Parametric matches aren’t everything! A new way to look at parts: Procurability. Is equal to the number of days that your parts were sitting on a shelf ready-to-buy, in volumes equal to what you consume annually, divided by 365 days in a year. This tells you what % of the year you could acquire stock over a calendar year. This info helps anyone identify if a part is a disaster waiting to happen, once you ask your Buyers to bring in an alternate to keep the production moving along… Sorry, the part hasn’t been available for 8 months. Huh? What will we do? Not respin another board!
Bringing it all together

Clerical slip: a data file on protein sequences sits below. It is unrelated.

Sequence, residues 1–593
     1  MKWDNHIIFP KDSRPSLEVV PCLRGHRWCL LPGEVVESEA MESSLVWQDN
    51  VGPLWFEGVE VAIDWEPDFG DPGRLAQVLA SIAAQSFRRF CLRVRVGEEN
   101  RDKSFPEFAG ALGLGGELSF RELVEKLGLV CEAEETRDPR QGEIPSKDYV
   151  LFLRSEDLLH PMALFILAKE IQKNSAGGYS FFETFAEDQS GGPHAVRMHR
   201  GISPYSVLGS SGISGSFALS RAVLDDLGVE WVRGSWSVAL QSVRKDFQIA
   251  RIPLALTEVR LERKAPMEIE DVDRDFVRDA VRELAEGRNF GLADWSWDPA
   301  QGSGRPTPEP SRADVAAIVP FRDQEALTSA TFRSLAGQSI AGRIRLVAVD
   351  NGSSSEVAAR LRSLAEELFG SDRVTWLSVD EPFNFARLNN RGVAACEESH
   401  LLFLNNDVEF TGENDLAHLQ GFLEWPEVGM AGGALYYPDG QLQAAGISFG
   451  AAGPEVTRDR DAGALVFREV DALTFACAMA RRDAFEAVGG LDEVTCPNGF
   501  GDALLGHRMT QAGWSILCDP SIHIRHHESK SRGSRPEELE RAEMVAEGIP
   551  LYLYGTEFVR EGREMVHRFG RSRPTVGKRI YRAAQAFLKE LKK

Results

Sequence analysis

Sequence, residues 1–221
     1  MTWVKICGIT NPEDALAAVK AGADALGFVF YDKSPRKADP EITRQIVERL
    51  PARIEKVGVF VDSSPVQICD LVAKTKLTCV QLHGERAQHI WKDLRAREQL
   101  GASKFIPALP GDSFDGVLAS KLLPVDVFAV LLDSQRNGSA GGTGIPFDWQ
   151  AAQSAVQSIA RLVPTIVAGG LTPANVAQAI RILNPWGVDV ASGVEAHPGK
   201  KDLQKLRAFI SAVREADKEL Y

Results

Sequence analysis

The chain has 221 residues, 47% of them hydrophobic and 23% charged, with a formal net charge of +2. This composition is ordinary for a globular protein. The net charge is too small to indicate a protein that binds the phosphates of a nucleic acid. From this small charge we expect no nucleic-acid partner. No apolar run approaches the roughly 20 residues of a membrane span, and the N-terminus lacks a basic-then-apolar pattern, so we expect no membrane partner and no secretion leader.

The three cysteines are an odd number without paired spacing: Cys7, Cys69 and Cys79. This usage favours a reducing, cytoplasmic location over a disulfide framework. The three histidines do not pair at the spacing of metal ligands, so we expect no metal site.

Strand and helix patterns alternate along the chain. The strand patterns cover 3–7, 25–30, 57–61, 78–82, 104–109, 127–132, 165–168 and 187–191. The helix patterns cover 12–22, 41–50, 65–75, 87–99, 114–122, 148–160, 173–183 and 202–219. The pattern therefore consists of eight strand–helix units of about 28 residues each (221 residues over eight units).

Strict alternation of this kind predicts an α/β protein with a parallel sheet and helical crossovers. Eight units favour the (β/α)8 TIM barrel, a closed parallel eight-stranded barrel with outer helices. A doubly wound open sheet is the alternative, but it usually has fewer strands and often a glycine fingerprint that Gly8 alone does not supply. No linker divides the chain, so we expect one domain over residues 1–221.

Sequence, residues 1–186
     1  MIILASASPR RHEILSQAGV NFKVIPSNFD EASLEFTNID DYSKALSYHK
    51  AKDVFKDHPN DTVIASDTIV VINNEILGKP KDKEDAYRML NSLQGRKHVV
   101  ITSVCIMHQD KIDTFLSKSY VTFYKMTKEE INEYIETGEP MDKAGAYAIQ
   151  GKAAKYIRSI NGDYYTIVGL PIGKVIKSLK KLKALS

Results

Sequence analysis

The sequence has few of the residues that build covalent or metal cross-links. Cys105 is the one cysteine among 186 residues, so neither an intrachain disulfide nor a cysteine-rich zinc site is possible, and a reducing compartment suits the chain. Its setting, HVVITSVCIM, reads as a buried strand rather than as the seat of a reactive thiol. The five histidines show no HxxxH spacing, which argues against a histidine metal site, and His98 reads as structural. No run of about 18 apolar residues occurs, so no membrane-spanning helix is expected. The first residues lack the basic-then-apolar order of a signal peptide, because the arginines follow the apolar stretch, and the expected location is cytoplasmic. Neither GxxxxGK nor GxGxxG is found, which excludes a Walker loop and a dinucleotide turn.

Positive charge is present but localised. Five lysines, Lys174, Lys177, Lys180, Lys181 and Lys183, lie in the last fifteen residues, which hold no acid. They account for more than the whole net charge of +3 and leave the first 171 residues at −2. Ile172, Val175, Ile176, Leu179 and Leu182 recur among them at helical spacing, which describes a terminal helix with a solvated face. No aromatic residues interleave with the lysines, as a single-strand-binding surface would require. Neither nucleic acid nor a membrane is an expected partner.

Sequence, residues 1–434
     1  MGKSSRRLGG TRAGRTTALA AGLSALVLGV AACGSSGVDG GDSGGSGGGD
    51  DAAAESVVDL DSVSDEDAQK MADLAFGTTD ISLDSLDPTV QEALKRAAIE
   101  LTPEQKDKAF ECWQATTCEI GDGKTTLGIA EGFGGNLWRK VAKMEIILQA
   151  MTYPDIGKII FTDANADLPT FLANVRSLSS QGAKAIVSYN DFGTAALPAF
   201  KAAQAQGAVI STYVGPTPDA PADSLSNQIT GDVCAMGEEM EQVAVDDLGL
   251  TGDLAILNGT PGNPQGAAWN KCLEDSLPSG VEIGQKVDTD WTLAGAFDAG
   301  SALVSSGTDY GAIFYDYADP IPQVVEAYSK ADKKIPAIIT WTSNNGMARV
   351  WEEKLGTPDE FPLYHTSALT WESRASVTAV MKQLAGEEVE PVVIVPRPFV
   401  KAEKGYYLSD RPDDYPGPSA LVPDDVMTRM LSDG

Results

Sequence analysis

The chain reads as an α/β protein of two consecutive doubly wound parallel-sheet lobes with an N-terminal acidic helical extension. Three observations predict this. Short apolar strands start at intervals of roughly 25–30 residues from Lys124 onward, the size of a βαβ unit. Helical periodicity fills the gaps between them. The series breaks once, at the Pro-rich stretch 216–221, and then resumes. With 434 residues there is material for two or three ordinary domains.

A resilient BOM is probably your most important weapon against disruption and delivers the ability to quickly recover from supply chain interruptions without significant impact on operations and customer timelines. Supply chain interruption remains an unpredictable and problematic concern for the electronic design and manufacturing industry. Taking these three things into consideration will help you navigate potential supply chain issues, avoid respinning boards, and ensure the manufacturability of your designs, both in the present and future.